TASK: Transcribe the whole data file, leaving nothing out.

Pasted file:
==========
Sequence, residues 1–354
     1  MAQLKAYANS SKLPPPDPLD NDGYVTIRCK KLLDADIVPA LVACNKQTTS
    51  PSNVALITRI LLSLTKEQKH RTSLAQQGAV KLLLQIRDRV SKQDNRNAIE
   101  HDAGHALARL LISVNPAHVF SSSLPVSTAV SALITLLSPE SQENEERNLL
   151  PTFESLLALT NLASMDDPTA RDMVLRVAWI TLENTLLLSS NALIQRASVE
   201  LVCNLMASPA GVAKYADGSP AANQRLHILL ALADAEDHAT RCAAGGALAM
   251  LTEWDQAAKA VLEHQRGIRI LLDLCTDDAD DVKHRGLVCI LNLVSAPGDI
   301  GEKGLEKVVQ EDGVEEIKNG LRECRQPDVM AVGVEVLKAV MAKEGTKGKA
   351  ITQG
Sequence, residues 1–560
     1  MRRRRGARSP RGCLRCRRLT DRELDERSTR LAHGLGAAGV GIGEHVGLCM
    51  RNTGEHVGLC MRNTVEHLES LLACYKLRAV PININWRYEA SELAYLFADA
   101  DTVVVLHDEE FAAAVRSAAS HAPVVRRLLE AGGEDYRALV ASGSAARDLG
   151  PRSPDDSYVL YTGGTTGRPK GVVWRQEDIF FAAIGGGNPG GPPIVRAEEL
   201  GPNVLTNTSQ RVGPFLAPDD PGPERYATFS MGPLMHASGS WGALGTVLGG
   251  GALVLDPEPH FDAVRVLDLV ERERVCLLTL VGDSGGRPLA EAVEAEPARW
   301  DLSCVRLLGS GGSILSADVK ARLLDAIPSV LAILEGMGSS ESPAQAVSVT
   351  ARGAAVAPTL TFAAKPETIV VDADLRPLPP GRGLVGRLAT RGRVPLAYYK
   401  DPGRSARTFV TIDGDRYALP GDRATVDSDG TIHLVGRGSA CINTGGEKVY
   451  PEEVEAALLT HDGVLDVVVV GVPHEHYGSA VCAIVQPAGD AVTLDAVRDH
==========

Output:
Sequence, residues 1–354
     1  MAQLKAYANS SKLPPPDPLD NDGYVTIRCK KLLDADIVPA LVACNKQTTS
    51  PSNVALITRI LLSLTKEQKH RTSLAQQGAV KLLLQIRDRV SKQDNRNAIE
   101  HDAGHALARL LISVNPAHVF SSSLPVSTAV SALITLLSPE SQENEERNLL
   151  PTFESLLALT NLASMDDPTA RDMVLRVAWI TLENTLLLSS NALIQRASVE
   201  LVCNLMASPA GVAKYADGSP AANQRLHILL ALADAEDHAT RCAAGGALAM
   251  LTEWDQAAKA VLEHQRGIRI LLDLCTDDAD DVKHRGLVCI LNLVSAPGDI
   301  GEKGLEKVVQ EDGVEEIKNG LRECRQPDVM AVGVEVLKAV MAKEGTKGKA
   351  ITQG
Sequence, residues 1–560
     1  MRRRRGARSP RGCLRCRRLT DRELDERSTR LAHGLGAAGV GIGEHVGLCM
    51  RNTGEHVGLC MRNTVEHLES LLACYKLRAV PININWRYEA SELAYLFADA
   101  DTVVVLHDEE FAAAVRSAAS HAPVVRRLLE AGGEDYRALV ASGSAARDLG
   151  PRSPDDSYVL YTGGTTGRPK GVVWRQEDIF FAAIGGGNPG GPPIVRAEEL
   201  GPNVLTNTSQ RVGPFLAPDD PGPERYATFS MGPLMHASGS WGALGTVLGG
   251  GALVLDPEPH FDAVRVLDLV ERERVCLLTL VGDSGGRPLA EAVEAEPARW
   301  DLSCVRLLGS GGSILSADVK ARLLDAIPSV LAILEGMGSS ESPAQAVSVT
   351  ARGAAVAPTL TFAAKPETIV VDADLRPLPP GRGLVGRLAT RGRVPLAYYK
   401  DPGRSARTFV TIDGDRYALP GDRATVDSDG TIHLVGRGSA CINTGGEKVY
   451  PEEVEAALLT HDGVLDVVVV GVPHEHYGSA VCAIVQPAGD AVTLDAVRDH